Some people apparently don’t want their kids to learn about racial inequality in America.
Glen Allen High School in Henrico County, Virginia, recently showed its students an animated video about white privilege as a part of the ongoing Black History Month. The four-minute video, which has been on YouTube for over five years, was originally commissioned by the African American Policy Forum and uses an actual race to explain the history of racism.
The video, titled “Unequal Opportunity Race,” shows white and non-white athletes, the former of whom receive a huge head start thanks to the colonial-era “genocide” and a host of other factors. The black racers are forced to start late and, during the race, are impaired by segregation, poor schooling and such.
A clock in the background, which denotes all the years since 1492 when Christopher Columbus first landed in the America, also keeps running. In fact, it isn’t until the clock hits 1964, the year the Civil Right Act was passed, that the black runners were allowed to compete.
“They are sitting there watching a video that is dividing them up from a racial standpoint. It’s a white guilt kind of video,” Don Blake, whose granddaughter saw the video, told NBC 12. “I think somebody should be held accountable for this.”
The so-called “white guilt” video has upset many people whose kids attended the screening.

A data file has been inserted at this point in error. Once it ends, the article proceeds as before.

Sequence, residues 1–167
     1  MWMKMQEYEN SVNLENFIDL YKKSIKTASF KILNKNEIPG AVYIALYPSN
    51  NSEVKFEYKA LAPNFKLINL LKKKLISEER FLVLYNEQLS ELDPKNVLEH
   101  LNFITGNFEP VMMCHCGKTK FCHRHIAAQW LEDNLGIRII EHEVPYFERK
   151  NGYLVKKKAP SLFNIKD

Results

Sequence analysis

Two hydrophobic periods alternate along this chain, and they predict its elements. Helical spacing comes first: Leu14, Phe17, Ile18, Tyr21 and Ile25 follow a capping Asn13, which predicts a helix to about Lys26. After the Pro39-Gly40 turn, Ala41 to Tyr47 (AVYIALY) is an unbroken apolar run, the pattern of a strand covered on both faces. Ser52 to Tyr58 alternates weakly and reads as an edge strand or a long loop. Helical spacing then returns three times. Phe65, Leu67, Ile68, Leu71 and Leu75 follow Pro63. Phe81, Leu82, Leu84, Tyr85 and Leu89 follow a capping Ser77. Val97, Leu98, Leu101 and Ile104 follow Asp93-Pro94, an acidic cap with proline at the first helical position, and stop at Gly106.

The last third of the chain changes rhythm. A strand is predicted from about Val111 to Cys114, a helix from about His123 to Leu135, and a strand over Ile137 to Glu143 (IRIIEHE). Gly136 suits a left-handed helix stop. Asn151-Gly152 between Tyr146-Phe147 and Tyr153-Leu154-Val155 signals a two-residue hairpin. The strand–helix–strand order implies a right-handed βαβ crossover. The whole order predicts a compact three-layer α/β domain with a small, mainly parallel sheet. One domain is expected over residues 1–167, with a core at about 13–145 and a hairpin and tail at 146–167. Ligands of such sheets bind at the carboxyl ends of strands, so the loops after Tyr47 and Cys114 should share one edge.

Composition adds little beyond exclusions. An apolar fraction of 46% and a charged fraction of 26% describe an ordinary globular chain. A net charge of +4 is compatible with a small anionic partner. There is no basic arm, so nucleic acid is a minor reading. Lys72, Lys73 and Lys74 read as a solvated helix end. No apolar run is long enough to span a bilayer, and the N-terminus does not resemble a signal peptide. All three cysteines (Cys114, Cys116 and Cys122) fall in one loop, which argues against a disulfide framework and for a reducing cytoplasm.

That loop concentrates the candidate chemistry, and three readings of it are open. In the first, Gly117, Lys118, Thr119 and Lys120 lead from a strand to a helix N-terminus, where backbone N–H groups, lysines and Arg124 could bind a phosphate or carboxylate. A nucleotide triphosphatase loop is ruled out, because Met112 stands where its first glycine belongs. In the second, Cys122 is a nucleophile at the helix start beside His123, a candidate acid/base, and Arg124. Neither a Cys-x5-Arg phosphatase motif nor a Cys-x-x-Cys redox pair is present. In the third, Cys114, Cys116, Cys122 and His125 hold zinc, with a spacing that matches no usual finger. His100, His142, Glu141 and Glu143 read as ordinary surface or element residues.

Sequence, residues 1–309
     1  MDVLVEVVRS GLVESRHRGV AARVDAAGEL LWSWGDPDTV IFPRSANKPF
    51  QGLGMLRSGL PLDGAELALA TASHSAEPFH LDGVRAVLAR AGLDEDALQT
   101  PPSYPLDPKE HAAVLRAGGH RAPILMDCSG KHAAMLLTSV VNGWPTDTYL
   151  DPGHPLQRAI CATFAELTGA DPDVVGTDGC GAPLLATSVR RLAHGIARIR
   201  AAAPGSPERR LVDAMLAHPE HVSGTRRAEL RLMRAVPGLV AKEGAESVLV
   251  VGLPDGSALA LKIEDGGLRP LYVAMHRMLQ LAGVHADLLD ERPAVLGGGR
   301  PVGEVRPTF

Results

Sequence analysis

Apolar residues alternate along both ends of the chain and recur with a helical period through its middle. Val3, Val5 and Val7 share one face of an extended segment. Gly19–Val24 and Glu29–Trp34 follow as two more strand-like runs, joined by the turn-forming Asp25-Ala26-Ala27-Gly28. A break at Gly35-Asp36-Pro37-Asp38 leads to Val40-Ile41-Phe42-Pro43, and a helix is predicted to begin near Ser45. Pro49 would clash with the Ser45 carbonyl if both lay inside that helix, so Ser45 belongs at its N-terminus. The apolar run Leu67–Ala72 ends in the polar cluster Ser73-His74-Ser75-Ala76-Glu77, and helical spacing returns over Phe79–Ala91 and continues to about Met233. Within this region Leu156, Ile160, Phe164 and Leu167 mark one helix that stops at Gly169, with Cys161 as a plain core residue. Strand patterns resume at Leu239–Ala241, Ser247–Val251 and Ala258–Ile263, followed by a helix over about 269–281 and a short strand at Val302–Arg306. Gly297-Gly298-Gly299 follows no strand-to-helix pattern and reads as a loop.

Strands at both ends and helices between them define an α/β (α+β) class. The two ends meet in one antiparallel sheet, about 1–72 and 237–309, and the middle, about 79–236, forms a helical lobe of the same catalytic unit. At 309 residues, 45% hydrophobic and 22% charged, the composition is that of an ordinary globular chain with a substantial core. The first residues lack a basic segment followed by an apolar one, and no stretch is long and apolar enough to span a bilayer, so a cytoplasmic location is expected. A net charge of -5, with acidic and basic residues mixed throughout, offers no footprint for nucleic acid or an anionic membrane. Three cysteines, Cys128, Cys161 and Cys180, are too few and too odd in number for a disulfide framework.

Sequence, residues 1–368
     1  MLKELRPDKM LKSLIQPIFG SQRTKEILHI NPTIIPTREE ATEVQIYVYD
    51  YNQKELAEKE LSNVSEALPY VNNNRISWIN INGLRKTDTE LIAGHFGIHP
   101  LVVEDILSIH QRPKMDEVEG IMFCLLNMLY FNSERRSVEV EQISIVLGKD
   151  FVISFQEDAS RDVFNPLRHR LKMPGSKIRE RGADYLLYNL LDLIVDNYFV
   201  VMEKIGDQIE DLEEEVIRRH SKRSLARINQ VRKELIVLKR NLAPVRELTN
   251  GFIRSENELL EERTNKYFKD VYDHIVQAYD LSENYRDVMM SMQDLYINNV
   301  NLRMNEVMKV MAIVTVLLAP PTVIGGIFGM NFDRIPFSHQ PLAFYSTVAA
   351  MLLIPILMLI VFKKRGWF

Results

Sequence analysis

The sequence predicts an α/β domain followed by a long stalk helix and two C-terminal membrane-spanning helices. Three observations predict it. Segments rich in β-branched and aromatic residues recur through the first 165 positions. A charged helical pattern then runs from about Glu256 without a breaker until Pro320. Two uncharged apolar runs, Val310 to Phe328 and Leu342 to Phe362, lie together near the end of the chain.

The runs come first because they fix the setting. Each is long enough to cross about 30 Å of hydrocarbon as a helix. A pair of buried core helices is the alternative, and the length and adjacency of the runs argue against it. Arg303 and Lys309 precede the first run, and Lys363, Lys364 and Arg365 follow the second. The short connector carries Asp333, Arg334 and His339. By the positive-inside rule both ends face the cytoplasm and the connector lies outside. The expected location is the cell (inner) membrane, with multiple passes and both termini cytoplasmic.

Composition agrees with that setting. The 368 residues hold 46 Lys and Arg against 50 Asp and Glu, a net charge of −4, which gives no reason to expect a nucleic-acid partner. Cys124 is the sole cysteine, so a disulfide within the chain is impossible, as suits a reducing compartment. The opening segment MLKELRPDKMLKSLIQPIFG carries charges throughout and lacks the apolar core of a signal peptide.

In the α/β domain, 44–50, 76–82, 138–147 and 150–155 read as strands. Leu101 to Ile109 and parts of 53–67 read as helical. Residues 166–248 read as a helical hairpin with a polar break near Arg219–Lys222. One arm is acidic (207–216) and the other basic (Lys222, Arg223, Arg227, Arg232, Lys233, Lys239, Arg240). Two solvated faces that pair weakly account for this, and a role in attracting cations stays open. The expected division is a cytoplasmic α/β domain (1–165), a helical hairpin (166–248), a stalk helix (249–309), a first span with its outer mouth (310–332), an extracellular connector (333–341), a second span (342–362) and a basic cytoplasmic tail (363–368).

“Dr. King gave his life so that America would be a place where we are judged by the content of our character not the color of our skin,” said local radio personality Craig Johnson. “Now we have poverty pimps being led by our current president Barack Obama who all they talk about is the color of skin.”
Although a number of social media users didn’t find anything wrong with the video, which is historically accurate, the widespread outrage caused Henrico school officials to release a statement defending the use of the video:
“The students participated in a presentation that involved American history and racial discourse,” the statement read. “A segment of the video was one component of a thoughtful discussion in which all viewpoints were encouraged. As always, we are welcoming of feedback from students and their families, and we address concerns directly as they come forward.”
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